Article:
Passing an object to a generic method

There's nothing complicated about this. But for some reason the solution escaped me. You know how it is. You have an idea in your mind and it just gets more and more complicated. Then somebody comes along and shows you something really simple. So you may know how to do this. You might not. But I found it interesting enough to blog about.

Imagine you want to invoke a method defined as below:

public void Execute<T> Generic(T foo) where T : class 
{
	var bar = new SomethingElse<T>(foo);
    
    ....
}

Except you don't know the object type at compile time:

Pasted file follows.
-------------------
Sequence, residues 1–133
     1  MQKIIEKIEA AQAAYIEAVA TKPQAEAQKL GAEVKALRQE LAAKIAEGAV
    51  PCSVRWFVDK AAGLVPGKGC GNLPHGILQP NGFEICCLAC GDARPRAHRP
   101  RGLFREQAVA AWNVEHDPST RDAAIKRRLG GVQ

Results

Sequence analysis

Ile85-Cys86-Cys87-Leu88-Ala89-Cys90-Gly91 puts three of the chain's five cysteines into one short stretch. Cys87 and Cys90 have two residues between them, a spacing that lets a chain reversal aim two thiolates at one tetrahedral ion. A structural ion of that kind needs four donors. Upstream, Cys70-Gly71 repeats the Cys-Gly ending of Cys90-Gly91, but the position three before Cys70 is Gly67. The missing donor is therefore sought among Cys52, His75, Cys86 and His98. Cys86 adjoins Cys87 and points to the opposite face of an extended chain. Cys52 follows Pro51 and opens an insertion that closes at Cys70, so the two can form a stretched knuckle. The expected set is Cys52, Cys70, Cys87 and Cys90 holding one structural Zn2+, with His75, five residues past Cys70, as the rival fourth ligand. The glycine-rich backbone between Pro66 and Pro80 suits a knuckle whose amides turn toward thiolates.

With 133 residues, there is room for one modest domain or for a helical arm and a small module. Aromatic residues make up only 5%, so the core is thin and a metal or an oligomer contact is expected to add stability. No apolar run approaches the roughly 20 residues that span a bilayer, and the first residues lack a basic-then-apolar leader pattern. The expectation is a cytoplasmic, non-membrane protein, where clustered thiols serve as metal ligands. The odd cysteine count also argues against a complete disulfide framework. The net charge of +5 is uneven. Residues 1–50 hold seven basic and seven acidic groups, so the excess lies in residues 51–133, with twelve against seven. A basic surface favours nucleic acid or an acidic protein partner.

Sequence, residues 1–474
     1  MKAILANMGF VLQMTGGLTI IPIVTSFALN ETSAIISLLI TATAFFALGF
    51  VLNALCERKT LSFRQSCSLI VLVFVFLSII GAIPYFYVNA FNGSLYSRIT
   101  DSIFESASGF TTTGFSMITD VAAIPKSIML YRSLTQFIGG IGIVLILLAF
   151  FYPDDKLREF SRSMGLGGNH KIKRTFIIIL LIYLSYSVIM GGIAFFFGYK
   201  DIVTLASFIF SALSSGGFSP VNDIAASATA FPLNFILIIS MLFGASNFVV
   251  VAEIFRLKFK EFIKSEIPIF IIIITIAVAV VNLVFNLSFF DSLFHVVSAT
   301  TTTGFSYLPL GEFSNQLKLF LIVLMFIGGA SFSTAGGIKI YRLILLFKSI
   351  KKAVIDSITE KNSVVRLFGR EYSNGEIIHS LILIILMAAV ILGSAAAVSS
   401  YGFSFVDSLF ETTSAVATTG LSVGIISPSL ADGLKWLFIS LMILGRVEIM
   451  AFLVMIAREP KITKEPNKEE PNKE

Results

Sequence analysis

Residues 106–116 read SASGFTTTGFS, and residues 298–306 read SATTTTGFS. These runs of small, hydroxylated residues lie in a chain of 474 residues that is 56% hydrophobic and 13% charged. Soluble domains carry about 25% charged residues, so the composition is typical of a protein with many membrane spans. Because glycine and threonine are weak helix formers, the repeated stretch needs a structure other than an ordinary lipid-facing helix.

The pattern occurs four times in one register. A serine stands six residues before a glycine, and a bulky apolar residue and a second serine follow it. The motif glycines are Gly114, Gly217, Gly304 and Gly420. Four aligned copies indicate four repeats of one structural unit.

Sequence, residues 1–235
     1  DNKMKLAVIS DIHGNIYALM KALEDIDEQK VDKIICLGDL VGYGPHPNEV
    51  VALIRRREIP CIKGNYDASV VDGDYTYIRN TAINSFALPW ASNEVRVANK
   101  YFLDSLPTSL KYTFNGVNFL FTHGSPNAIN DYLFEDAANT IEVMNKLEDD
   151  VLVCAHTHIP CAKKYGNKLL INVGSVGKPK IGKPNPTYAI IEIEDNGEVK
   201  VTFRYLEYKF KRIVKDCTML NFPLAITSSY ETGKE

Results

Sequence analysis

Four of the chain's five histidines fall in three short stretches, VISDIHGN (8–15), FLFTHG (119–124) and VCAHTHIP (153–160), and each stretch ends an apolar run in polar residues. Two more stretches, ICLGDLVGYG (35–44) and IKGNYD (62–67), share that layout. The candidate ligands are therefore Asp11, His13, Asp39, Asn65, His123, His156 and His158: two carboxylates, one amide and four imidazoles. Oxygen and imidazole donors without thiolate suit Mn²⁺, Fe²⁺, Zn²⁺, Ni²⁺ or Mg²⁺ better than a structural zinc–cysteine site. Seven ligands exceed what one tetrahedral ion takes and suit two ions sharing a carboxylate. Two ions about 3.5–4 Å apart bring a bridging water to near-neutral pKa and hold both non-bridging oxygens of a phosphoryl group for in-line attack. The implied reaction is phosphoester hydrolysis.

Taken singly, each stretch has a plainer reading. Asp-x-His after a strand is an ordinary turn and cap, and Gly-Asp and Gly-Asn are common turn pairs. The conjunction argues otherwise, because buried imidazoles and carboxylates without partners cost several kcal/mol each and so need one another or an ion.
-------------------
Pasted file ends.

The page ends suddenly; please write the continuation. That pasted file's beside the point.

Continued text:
object somethingToPassIn = GetSomething();

Perhaps you've done some serialisation from a http request. This means that T will be object instead of an explicit type.

So how do you get around this?

Well, you use reflection. The basic principle is to create an additional, non-generic method, that accepts an object and then use reflection to call the generic method. Like this:

public FooClass()
{
    this.genericMethod = typeof(FooClass)
        .GetMethod("Generic", BindingFlags.Instance | BindingFlags.NonPublic);
}

public void NonGeneric(object foo)
{
        this.genericMethod
            .MakeGenericMethod(command.GetType())
            .Invoke(this, new[] {foo});
}

You notice that we get hold of the MethodInfo as part of the constructor so that we don't need to do it every time the non-generic method is called.

And that's all there is to it. It's really simple and you would not believe the convoluted solutions I came up originally.

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